We intentionally overlapped prairie seeding in the green winter wheat with the recovering oak savanna to create a seamless transition. The widely spaced young oaks in this retired pasture were naturally seeded in from veteran savanna trees during the past fifty years after the cattle were pulled out, ensuring that the original oak genetics of the site are retained. A Menomini Indian story suggests that acorns may have been carried to ceremonial sites by Indian men on pilgrimages looking for outgroup wives. Future mapping of the white oak genome’s biogeography may help us to better understand this account. Photo: MAS.
Author Martha Bergland seeding.
Author Martha Bergland seeding.

6. The work on this field’s prairie is integral with the adjacent Kolterman Indian Mound Group and Petroform site. American Indian petroform on the site includes an extremely rare 640-foot boulder alignment that intersects the soon-to-be-restored upper-field wetland. This relationship is only partly explained. Night star-scape photography has begun to show one of the relationships. In addition, we have located Dr. E. G. Bruder’s mound 11 at the south end of the field, which was already destroyed by the early 1950s. MAS is in discussion on how to monument that American Indian earth mound. 

Mound 11 in the Kolterman field of Buffalo Speaks Reserve was documented in 1951 by Dr. E. G. Bruder in his reports on salvage archaeology responding to county road widening. Information recovered in this work is important to our understanding of Wisconsin’s Effigy Mound tradition. Although the above-ground evidence of Mound 11 was erased by agricultural tilling, we know its location because of Bruder’s avocational work. L-R, Edgar G. Bruder, two unidentified visitors, perhaps neighboring farmers, Robert Ritzenthaler (Milwaukee Public Museum) and Robert Nero (University of Wisconsin), 1954. Photo: Milwaukee Public Museum Archaeology Program.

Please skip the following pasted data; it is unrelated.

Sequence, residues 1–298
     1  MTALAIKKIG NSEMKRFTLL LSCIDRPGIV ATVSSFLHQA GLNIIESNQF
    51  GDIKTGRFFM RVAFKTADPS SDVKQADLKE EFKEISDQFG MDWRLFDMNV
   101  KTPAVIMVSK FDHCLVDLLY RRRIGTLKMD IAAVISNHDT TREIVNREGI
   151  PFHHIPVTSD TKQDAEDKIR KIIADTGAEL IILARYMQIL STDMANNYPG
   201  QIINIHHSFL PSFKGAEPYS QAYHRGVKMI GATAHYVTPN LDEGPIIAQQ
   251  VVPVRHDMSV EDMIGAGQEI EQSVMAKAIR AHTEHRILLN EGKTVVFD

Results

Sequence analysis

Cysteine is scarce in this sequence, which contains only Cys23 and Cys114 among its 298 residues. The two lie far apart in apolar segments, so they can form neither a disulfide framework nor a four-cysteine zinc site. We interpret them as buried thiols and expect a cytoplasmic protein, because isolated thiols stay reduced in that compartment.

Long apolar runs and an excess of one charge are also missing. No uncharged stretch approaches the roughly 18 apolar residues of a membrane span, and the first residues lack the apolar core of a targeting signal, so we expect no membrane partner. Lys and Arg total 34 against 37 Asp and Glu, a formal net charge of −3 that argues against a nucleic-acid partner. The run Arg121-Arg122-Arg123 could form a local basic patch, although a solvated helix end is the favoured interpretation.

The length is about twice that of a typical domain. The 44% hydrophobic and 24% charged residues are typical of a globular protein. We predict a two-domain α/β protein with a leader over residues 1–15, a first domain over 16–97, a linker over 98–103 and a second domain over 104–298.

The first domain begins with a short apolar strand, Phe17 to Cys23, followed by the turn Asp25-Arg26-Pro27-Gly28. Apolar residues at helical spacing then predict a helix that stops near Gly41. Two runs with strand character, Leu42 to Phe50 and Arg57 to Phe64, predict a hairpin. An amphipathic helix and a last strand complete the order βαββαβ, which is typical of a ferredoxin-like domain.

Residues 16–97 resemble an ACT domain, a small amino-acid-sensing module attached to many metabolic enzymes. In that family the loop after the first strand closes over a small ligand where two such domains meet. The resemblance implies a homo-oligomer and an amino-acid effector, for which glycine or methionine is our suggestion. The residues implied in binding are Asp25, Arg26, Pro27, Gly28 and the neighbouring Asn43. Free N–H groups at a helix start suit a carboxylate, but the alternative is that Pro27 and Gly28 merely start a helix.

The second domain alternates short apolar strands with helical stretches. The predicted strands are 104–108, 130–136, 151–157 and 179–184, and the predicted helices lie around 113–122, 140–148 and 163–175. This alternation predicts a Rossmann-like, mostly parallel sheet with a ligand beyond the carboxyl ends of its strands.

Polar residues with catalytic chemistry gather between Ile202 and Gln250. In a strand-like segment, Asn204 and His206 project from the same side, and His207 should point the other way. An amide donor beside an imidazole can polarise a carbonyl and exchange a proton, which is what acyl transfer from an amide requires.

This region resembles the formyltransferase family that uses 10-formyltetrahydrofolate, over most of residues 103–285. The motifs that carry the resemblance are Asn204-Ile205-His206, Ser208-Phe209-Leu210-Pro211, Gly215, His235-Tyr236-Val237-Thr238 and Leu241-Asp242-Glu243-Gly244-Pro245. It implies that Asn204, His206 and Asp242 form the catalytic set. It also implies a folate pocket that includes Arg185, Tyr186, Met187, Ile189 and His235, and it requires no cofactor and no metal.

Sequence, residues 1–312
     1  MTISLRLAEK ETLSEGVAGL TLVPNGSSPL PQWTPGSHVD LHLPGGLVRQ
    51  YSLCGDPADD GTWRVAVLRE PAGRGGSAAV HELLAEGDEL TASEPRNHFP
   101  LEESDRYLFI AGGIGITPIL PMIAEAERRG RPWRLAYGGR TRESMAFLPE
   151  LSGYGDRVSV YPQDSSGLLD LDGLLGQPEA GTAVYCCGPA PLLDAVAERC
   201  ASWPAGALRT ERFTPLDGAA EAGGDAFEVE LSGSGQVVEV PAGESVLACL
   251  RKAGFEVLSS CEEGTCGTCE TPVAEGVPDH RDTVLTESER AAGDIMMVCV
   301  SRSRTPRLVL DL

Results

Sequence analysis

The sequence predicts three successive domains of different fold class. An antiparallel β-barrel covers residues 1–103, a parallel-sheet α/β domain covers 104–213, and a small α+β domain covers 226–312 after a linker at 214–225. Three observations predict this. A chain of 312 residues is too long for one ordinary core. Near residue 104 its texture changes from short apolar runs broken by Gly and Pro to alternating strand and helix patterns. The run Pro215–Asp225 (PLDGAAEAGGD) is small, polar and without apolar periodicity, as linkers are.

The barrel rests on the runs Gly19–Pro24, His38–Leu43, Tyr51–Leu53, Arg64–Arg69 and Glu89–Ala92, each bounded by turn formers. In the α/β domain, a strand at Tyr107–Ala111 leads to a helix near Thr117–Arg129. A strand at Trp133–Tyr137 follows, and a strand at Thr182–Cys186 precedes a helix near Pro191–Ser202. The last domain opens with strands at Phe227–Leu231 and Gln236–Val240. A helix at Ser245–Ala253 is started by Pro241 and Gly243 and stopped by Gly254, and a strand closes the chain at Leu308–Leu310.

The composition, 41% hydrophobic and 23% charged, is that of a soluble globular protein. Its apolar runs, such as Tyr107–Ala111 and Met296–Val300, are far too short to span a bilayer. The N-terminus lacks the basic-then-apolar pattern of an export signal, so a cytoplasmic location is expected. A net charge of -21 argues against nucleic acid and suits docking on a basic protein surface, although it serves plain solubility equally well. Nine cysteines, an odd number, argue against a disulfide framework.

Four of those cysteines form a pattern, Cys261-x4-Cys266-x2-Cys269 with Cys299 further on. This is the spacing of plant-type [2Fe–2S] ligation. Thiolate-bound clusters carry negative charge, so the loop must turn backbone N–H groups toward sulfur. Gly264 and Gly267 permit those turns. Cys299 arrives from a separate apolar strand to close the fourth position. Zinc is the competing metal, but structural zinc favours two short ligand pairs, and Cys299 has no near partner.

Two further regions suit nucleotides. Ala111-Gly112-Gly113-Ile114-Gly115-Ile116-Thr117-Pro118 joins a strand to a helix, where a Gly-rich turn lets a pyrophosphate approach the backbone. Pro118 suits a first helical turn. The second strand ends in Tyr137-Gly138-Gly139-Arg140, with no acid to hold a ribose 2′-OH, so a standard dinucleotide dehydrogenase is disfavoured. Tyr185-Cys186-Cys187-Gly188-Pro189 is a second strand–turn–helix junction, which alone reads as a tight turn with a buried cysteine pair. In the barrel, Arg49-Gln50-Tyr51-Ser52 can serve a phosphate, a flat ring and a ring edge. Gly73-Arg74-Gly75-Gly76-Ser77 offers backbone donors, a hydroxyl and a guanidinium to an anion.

7. Prairie seeding of this field confirms MAS’s commitment to a hard-won and specially negotiated acquisition. Bob Kolterman was the last generation on his farm. His family name literally means plowman. The family’s mantra was that tilled farmland should continue to remain tilled farmland. Most of this nine-acre field was platted off to remain agricultural. However, such divisions often result in a building site that would have destroyed the mound site context. MAS argued that we needed this field bundled into our land purchase of the mound site for the benefit of Auduboners and the birds. Because Bob had named the farm the Southmound Bird Farm, our proposal resonated with him.

The level agricultural field before we began to remove the drain tiles and restore parts of the original rolling topography. Photo: MAS.
Seeding the reconstructed soil surface.
Seeding the reconstructed soil surface.